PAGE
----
The best season is May to September, but the peaks are climbed in all seasons. Winter or off-season climbs reduce the rock fall and crevasse danger which is a potentially a hazard on the approach to the mountains.
The snow conditions can be very soft in the warmer months.
Camping is allowed everywhere in the natural park. No fees. There are basic huts in the base camp, but they are in general used for either the rangers or persons who for one or the other reason need to stay inside a hut, i.e. have had an accident or are in a bad condition somehow. Be sure to bring down all the garbage to the park gates. I saw trekkers and climbers dumping the lot in the growing piles close to the base camp field. If someone starts doing this, it seems like the piles are growing.
The locals in the area seems to be very updated on the conditions higher up in the valleys and the administrative people staying in base camp have all the information you need about the conditions on the mountain. The army guys at the checkpoint and the park hq staff also seemed knowledgeable.
There are many choices to reach the mountains and the best is to ask base camp adm. for advice about the crevasse situation at the time. The normal route to the mountain is either on the moraine below the glacier or on the right hand ridge above it. You'll end up on the lower reaches of Djan Kuat glacier anyway and those two alternatives are at the same level of difficulty.
Walk slightly to your left and half-circle around Peak Skaliye. Watch out for hidden crevasses. If you wanna attempt the normal route, walk /climb up to the easy Gumachi Pass at 3582m (2A). Some 40 degree snowslopes will take you to the beginning of the Gumachi summit ridge. If you haven't roped up yet, better do it here. The ridge can be prone to corniche building so walk carefully. Even if it´s not a steep ascent and not more than an easy walk, the ridge is quite narrow and if you fall on either side, it´s a long way down.
When on the summit, you'll find the peculiar "stake of Gumachi". Someone (Germans according to the base camp people) have brought cement and a 2 meter long aluminum stake to the summit and attached it in a solid way.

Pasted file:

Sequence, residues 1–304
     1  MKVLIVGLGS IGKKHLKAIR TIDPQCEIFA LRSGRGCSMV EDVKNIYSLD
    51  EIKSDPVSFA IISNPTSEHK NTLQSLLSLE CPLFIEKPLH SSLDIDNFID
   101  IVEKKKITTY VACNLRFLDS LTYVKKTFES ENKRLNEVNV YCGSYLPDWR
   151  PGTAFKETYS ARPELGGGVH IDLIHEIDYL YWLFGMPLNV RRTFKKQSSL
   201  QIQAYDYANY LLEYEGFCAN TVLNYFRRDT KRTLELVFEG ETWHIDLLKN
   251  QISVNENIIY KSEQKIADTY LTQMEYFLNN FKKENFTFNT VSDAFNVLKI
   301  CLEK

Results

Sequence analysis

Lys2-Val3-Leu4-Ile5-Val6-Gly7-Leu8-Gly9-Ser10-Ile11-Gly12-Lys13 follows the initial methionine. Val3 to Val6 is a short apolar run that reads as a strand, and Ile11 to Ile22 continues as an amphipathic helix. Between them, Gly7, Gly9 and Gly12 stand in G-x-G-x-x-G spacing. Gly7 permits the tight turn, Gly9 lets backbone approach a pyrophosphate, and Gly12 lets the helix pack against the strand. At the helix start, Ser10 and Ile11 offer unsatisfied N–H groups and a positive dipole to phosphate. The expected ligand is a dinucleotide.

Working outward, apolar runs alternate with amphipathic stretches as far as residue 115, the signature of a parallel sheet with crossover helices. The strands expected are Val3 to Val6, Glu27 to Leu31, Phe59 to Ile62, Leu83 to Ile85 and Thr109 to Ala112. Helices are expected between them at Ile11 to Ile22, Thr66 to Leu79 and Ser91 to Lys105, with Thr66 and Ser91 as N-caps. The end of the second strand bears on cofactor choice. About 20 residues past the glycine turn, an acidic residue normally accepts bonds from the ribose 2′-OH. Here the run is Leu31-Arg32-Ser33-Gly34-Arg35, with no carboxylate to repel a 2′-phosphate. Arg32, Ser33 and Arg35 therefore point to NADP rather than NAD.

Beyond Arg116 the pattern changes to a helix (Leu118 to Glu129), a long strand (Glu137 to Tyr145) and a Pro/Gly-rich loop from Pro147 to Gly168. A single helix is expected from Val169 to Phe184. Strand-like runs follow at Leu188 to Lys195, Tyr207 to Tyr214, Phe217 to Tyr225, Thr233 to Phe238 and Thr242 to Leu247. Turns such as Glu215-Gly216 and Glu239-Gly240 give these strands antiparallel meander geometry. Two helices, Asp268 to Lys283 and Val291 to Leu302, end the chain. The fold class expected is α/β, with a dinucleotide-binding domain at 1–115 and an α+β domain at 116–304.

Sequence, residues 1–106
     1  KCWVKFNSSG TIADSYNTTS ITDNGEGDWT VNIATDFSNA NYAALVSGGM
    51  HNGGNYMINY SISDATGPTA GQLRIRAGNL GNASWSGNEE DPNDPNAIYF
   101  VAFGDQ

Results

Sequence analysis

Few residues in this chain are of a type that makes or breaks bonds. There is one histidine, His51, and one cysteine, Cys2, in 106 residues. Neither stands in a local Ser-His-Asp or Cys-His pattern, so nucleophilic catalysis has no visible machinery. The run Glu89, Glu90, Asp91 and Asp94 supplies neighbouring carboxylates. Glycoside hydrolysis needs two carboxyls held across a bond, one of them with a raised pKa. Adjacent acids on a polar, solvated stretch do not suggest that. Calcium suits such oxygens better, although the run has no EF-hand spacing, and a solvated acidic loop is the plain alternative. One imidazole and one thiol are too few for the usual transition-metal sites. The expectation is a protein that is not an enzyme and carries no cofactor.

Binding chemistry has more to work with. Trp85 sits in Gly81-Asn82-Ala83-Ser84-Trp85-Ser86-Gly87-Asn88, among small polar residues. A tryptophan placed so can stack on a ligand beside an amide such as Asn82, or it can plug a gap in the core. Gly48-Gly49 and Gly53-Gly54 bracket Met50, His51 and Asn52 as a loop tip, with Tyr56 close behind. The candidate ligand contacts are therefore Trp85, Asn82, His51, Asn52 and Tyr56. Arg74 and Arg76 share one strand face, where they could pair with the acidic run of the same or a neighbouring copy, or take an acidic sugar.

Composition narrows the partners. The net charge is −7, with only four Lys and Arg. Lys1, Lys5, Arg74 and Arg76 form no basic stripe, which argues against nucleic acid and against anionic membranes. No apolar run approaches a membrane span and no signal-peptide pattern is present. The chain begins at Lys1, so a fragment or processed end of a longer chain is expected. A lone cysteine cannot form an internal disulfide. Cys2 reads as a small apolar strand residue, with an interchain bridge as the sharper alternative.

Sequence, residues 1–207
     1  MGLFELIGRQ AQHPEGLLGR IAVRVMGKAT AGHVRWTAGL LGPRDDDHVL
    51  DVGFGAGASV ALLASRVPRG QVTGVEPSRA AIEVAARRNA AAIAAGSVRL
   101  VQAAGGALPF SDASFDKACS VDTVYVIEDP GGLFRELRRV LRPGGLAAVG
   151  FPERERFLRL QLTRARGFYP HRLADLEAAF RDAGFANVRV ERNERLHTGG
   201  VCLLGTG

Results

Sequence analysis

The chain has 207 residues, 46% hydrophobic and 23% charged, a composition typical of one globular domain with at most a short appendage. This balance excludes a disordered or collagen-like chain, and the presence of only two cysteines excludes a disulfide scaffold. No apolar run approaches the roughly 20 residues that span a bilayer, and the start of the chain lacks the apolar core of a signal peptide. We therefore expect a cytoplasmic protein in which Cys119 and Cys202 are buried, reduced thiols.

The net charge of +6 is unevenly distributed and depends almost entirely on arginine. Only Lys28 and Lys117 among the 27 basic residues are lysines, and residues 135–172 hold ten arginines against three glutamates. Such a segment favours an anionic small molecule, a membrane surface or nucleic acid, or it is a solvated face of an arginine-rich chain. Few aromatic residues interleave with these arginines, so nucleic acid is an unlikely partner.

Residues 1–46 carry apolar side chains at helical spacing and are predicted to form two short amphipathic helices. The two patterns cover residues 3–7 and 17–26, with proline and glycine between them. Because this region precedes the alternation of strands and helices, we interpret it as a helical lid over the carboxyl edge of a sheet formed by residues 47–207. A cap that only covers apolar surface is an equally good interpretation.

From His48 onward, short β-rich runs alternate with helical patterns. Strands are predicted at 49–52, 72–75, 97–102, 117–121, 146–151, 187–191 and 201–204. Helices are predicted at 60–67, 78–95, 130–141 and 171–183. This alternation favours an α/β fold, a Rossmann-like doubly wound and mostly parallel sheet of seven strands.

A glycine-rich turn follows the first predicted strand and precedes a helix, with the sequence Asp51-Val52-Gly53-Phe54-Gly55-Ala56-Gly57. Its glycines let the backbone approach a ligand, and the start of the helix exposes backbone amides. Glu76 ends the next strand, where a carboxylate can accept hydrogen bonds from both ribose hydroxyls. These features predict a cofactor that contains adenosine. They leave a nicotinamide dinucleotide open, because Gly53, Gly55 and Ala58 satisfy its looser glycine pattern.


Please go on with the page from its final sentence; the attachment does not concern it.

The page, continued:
A more interesting way to descent the peak is to traverse down on the SW side. First you have to negotiate a section of easy rockclimbing to arrive at the Opmumalniye Pass. Climb down the 40 degree slope towards the huge snowfield. This slope is sometimes used for training self arrest and it's perfect for it.
Walk to the right of the snow field and over a small rocky ridge in order to get down to the glaciers again.
The Adil Su valley is very safe and is under strict control of the army. You are very close to the Georgian border and don't stray to far south. You will end up in hassle if caught or even seen by people "from the other side".
One way to get down from the saddle of Aristova and Gumachi.
Quite challenging and fast the first 40-45 degree parts.
The video is very short and shot by a digital still camera, so don't expect too much.
The BookKopylov, the person who really knows the mountains of the Caucasus has written a book called Forbidden Mountains - The most beautiful Mountains of Russia and Central Asia.
There's a great gear shop very close to the tunr off to the Adil Su valley. It's located along the main road in the Terskol Valley. I think it's called "Alp Industria".
You can find basically everything you'll need here to very affordable prices.
of the area around Gumachi and Aristova.
Some specific info on Gumachi and great photos.